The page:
“They didn’t admit it at the time,” Luchy said, “but, oh my gosh, a Dominican in Los Angeles, and she’s college educated.” Her credentials were a perfect for the Dodgers’ needs.

Over the years, not only did she become expert at filing visa petitions for the Dodgers’ international players, but she handled a raft of other paperwork and personal issues as well, from overseeing their bonuses and contracts (helping guard them from unscrupulous agents), to arranging their health insurance and workers’ compensation, to suggesting a pediatrician or a home school network for the players’ children or simply helping them obtain a license or checking account. She would hold a ballplayers’ hand if they were homesick or if they just learned they were being sent back down to the minors.

“Charlie used to say that our scouts hook them and we cook them,” Luchy said.

Luchy with Hiran Bocachica.

Luchy with Hiran Bocachica.

“Marinate” might be a better word, since Luchy became to a second mom or sister to many of the 250 players in the Dodgers’ robust minor league system. When she started, the Dodgers and other Major League Baseball teams could not exceed certain foreign player quotas imposed by the U.S. government, but that ceiling was eventually lifted, accounting for a dramatic rise in the number of international players on MLB rosters. “Now teams can bring as many players as they can afford,” she said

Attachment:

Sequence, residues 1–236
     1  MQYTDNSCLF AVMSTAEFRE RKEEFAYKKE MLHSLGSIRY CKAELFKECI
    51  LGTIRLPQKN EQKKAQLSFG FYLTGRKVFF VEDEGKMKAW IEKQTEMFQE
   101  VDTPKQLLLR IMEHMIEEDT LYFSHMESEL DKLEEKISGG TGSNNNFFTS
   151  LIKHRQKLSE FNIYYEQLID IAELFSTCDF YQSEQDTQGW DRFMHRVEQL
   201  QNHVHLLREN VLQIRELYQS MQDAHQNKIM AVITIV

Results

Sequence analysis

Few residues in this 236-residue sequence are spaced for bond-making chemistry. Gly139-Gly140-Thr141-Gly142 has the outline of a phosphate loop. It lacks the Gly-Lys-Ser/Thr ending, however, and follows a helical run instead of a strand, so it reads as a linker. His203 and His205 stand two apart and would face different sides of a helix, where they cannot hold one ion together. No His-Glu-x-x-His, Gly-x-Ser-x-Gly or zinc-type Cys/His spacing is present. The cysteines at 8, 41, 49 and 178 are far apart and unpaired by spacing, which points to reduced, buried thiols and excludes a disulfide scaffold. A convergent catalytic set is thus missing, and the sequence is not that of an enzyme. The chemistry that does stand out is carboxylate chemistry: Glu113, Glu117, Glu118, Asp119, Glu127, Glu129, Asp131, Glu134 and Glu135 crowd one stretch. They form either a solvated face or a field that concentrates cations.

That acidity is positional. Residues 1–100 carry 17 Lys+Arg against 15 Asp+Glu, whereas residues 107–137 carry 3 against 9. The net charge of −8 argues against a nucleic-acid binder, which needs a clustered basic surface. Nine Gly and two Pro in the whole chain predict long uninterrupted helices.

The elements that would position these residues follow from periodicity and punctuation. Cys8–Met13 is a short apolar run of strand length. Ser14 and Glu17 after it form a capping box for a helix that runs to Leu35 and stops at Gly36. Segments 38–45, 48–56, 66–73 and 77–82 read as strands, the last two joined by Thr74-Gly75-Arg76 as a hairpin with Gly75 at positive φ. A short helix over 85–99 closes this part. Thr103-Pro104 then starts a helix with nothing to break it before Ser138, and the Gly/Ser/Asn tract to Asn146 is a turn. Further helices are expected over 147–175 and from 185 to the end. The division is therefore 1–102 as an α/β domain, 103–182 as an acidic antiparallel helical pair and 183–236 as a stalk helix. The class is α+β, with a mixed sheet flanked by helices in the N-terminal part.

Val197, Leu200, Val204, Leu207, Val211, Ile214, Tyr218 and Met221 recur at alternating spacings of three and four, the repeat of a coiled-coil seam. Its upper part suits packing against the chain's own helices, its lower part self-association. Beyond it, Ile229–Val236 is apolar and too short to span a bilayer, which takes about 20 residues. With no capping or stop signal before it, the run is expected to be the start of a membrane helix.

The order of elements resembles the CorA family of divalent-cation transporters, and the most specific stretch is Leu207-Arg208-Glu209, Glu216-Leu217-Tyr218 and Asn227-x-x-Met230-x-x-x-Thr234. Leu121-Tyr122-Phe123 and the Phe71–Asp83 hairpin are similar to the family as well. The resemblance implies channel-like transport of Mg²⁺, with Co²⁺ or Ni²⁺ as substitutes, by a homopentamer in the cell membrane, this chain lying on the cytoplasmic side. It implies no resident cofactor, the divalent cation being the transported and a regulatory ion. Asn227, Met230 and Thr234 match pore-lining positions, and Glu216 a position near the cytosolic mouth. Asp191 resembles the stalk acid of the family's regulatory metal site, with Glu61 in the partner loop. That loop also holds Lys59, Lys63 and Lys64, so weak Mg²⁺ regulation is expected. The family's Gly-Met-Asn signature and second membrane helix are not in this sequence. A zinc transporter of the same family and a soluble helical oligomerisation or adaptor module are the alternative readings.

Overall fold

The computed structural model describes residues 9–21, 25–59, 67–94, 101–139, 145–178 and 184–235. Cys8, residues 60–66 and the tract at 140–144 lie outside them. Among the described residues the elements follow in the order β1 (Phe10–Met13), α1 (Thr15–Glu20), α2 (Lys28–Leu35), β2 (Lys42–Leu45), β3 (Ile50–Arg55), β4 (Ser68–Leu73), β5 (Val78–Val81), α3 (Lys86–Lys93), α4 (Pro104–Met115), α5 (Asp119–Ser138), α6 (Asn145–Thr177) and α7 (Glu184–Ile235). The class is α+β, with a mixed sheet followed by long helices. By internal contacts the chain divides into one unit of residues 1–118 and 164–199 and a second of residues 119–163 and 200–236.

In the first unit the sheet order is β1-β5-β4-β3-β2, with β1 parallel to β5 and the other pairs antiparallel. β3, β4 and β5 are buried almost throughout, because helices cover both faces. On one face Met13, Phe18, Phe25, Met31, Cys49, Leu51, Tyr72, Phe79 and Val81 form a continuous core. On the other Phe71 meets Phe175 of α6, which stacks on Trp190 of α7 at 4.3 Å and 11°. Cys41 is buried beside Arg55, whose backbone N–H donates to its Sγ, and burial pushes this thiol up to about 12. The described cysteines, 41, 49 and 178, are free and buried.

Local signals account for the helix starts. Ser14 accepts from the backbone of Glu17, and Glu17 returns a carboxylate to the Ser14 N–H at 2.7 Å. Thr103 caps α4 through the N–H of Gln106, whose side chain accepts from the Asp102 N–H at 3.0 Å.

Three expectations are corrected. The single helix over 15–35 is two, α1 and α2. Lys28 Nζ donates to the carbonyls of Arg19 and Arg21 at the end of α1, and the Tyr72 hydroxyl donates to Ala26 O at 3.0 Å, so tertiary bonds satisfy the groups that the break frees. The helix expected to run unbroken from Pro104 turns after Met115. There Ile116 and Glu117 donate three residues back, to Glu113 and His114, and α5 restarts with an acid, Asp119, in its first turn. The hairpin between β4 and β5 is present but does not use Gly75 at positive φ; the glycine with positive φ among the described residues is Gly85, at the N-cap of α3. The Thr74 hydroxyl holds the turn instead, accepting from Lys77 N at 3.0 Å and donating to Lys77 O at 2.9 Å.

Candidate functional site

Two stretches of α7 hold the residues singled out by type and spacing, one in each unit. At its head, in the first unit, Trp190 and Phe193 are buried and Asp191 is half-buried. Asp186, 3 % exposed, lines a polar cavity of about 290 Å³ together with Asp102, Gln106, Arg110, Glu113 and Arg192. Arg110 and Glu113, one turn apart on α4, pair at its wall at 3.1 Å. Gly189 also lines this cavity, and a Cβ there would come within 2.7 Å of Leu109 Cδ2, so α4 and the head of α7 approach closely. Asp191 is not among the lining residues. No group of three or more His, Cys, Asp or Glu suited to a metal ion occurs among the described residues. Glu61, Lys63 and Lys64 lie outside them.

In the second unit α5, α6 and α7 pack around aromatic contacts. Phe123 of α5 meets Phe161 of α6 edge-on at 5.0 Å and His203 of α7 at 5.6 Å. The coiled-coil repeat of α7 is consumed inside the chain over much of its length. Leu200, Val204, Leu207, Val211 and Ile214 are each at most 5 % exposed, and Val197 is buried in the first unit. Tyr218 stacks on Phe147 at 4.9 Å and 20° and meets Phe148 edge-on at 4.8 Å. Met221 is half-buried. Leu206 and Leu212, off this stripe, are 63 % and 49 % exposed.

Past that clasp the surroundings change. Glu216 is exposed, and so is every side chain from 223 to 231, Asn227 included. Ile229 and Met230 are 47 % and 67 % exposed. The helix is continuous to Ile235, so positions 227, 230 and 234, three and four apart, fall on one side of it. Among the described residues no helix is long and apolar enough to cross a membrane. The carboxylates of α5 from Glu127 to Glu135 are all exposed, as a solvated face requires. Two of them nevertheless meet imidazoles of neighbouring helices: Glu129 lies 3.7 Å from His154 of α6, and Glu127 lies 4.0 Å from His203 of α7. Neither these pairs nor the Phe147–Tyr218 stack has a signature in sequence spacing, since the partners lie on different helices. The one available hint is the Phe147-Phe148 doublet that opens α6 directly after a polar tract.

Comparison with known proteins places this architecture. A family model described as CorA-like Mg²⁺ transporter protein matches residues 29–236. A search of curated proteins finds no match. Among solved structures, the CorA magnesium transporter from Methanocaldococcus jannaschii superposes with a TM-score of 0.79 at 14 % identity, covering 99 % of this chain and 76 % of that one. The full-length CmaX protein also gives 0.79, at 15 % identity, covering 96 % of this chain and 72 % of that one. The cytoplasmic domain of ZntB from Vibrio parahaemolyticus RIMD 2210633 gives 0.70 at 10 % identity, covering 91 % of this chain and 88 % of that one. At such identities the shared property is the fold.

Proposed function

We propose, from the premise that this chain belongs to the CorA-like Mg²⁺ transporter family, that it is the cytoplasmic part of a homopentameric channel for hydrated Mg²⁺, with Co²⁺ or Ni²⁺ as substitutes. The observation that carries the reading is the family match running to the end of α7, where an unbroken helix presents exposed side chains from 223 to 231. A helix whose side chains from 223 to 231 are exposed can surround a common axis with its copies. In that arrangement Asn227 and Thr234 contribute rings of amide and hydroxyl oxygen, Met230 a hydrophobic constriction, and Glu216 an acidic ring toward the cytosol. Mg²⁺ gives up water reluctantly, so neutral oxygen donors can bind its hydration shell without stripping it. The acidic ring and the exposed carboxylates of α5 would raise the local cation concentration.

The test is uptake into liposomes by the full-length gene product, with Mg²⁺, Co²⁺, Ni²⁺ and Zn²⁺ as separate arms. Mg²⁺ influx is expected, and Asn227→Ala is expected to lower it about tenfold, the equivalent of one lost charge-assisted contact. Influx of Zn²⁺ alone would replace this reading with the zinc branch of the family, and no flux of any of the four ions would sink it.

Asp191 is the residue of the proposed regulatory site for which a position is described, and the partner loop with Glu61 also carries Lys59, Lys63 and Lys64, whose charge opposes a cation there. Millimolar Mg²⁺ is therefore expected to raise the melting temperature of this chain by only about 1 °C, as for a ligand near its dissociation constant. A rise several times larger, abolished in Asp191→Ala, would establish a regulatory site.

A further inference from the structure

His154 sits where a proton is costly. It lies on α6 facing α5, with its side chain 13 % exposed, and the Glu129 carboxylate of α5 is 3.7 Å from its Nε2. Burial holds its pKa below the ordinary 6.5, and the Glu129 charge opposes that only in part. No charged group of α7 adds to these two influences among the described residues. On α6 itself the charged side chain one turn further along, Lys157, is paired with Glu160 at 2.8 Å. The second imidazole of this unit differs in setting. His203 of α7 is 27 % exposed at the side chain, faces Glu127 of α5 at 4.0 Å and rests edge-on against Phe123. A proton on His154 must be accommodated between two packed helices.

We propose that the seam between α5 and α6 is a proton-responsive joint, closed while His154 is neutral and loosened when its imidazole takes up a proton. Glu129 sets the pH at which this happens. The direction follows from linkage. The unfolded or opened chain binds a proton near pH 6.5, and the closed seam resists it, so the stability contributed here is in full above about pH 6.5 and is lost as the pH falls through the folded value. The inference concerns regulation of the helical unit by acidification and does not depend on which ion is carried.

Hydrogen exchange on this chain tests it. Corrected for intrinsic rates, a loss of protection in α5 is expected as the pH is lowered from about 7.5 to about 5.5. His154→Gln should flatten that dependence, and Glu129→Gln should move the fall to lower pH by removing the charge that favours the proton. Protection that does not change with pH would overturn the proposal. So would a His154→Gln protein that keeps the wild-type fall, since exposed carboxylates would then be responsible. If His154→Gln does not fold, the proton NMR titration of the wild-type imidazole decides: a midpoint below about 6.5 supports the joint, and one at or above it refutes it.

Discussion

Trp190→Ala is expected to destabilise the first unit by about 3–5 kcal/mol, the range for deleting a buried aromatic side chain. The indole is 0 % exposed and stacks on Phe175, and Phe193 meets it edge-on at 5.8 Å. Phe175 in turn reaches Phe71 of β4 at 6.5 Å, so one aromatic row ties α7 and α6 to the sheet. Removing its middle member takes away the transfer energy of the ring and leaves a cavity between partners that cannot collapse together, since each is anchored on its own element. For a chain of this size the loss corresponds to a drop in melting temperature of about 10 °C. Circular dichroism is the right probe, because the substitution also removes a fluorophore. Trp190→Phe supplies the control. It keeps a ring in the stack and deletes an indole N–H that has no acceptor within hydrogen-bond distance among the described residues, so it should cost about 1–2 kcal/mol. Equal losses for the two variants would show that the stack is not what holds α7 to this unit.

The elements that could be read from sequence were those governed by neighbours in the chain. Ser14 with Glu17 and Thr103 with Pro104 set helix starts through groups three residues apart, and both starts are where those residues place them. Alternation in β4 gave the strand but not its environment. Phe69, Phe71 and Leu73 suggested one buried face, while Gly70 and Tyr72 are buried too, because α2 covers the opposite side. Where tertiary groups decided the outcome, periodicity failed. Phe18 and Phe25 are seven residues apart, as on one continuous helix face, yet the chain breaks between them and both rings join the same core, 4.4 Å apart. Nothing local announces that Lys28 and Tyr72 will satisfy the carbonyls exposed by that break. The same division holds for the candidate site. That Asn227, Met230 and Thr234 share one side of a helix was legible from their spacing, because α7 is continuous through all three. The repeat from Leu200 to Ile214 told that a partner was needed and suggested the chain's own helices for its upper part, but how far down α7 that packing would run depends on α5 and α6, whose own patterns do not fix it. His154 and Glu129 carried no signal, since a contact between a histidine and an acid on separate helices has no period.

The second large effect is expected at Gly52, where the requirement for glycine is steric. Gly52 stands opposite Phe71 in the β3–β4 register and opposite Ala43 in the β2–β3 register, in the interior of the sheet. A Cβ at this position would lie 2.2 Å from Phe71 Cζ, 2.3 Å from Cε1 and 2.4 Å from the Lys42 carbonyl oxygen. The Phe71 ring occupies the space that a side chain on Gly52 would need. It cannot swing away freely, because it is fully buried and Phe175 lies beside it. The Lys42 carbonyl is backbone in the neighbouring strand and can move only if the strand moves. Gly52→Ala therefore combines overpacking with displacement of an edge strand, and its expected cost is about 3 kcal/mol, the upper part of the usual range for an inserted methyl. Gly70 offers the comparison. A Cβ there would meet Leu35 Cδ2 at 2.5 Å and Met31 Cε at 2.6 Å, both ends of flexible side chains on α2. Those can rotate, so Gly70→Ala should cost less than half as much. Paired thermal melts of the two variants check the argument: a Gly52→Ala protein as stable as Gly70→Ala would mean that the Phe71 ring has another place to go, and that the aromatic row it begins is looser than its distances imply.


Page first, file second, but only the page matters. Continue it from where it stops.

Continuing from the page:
In all, Luchy worked for seven different farm directors, including ex-Angel manager Terry Collins. She was promoted from administrative assistant to senior manager to assistant director of player development.

“Luchy is an amazing person,” said Beltre, who now plays for the Boston Red Sox. “She is always there for you, from the minor leagues to the major leagues. I went to her when I didn’t understand things, and we are still close today. Luchy will always have a big place in my heart.”

After 15 years of service to the Dodgers, including representing the Dodgers at the Caribbean series for 10 years and helping them stay compliant with all minor league and Major League Baseball rules and regulations governing their international ballplayers, Luchy decide to launch her own business in 2008, where she could offer her unique services to all 30 Major League Baseball teams, helping them groom the next Pedro Martinez, Raul Mondesi or Adrian Beltre.

Actually, Luchy’s new dream, Athlete Life Management Group, is much bigger than the Dodgers or Major League Baseball. She wants to help international soccer players and basketball players make the same smooth transition that she has helped hundreds of baseball players make. She also has expanded her cultural and cross-communications classes for athletes, hence the name of her company, Athlete Life Management Group.

Last spring, the San Francisco Giants asked Luchy to conduct a cross-cultural communications class for all their players in both English and Spanish. There are almost too many topics to cover, but she manages.